News Release

Gladiators fought for thrills, not kills

Reports and Proceedings

New Scientist

GLADIATORS' combat had become a martial art by the beginning of the first millennium, according to a controversial theory based on reconstructing the fighters' tactics from Roman artefacts and medieval fight books. To amuse the crowds around the arena the gladiators would display broad fighting skills rather than fight for their lives, argues archaeologist Steve Tuck of the University of Miami. "Gladiatorial combat is seen as being related to killing and shedding blood," he says.

"But I think that what we are seeing is an entertaining martial art that was spectator-oriented." Gladiatorial art adorns everything from cheap Roman lamps to gems to large-scale wall paintings. Tuck focused on the tactics used by pairs of gladiators in one-to-one combat, rather than mass battles or staged events, and examined 158 images that show active combat, such as a gladiator pinning down an opponent, his shield and sword on the ground. To try to better understand what these scenes show, he turned to the pages of fighting and martial arts manuals produced in Germany and northern Italy in medieval and Renaissance times. These manuals provided instruction in everything from sword-fighting to wrestling. They are a good parallel for gladiatorial combat, Tuck argues, in part because opponents were professionals who used similar arms and armour. "And they're incredibly important because they show sequences of moves, and have accompanying descriptions," he says.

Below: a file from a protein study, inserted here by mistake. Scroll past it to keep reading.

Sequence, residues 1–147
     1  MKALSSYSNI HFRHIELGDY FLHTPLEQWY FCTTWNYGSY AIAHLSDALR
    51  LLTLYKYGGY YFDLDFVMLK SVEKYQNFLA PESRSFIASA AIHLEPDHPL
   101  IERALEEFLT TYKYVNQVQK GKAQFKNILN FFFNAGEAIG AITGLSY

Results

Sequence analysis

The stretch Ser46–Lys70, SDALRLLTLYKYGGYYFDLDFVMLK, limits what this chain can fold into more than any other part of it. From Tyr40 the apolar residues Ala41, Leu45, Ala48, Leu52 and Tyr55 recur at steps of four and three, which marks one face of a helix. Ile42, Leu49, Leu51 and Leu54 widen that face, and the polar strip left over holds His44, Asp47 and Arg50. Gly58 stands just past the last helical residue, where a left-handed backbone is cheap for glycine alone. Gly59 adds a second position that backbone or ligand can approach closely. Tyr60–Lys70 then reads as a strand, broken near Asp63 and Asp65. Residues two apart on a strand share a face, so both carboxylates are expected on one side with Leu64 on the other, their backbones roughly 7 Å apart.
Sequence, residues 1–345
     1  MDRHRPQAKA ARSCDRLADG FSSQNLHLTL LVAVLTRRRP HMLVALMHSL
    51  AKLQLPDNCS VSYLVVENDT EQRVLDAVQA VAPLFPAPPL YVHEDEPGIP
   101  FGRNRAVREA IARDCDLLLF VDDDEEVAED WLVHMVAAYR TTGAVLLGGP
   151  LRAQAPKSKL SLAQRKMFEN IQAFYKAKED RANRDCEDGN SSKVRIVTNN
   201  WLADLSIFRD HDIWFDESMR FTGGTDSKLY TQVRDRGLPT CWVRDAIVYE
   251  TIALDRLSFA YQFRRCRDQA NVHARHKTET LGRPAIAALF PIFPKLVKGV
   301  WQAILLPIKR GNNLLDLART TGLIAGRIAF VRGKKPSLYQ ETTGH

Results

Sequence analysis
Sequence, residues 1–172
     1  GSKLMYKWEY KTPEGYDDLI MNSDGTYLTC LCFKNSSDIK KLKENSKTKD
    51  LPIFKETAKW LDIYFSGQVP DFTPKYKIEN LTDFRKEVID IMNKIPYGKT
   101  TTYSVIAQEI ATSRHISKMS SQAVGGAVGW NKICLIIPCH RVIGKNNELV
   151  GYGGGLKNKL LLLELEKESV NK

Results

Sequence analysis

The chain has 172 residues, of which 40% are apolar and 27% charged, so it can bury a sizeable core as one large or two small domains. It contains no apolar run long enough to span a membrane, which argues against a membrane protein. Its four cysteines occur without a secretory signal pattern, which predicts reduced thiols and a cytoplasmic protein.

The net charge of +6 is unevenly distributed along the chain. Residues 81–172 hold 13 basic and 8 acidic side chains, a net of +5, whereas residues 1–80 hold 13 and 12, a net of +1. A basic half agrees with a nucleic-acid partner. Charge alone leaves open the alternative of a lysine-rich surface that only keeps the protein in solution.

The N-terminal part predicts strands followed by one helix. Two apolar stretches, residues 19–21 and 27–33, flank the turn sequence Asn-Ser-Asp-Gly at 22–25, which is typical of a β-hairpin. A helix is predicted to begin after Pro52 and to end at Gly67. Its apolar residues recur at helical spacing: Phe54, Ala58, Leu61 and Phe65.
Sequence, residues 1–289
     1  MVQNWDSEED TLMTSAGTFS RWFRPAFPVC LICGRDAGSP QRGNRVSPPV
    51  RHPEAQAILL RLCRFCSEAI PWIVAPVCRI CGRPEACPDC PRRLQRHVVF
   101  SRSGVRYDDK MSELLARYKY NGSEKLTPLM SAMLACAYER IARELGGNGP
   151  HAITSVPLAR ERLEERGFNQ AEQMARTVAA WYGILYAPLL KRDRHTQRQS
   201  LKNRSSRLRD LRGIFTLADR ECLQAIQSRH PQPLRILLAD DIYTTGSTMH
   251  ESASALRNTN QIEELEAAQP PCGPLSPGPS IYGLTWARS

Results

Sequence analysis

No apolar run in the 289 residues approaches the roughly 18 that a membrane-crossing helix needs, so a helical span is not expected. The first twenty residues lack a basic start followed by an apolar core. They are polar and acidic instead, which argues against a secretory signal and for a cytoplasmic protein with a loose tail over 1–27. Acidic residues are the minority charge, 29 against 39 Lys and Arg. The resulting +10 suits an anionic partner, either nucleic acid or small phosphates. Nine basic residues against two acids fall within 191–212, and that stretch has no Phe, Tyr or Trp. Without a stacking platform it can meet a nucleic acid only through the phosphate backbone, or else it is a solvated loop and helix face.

From the manuals and art, Tuck infers that there were often three critical moments in the course of a gladiatorial bout. The first was initial contact, with both gladiators, fully armed, moving forwards and going for a body shot. The second was when one gladiator is wounded and seeks to distance himself from his opponent. In the third both gladiators drop their shields, seemingly undamaged, before grappling with each other, he says. In the fight books, this act of throwing down weapons and shields to grapple was a common way to conclude a fight, without necessarily intending to finish off an opponent. Judging from the Roman art, the same happened during gladiatorial bouts, says Tuck. Other scholars have interpreted the art differently.

"What Tuck identifies as grappling has been convincingly explained in other ways, for example, as part of the ritual immediately prior to the dispatch of a defeated gladiator," says one expert, who prefers to remain anonymous. But the fight books, which were largely translated only in the past five years, provide new insights, Tuck counters. "The major issue is how pairs got on the ground, and why they are consistently shown without their shields," he says. And there are literary references to gladiators being trained to subdue without bloodshed, and also evidence that by the 2nd century AD, gladiators were very expensive, suggesting that deaths and bleeding were no longer the point of the entertainment.


Emma Young reporting from the Annual meeting of the Archaeological Institute of America in Boston, 6 to 9 January.

This article appears in New Scientist issue: 22 JANUARY 2005


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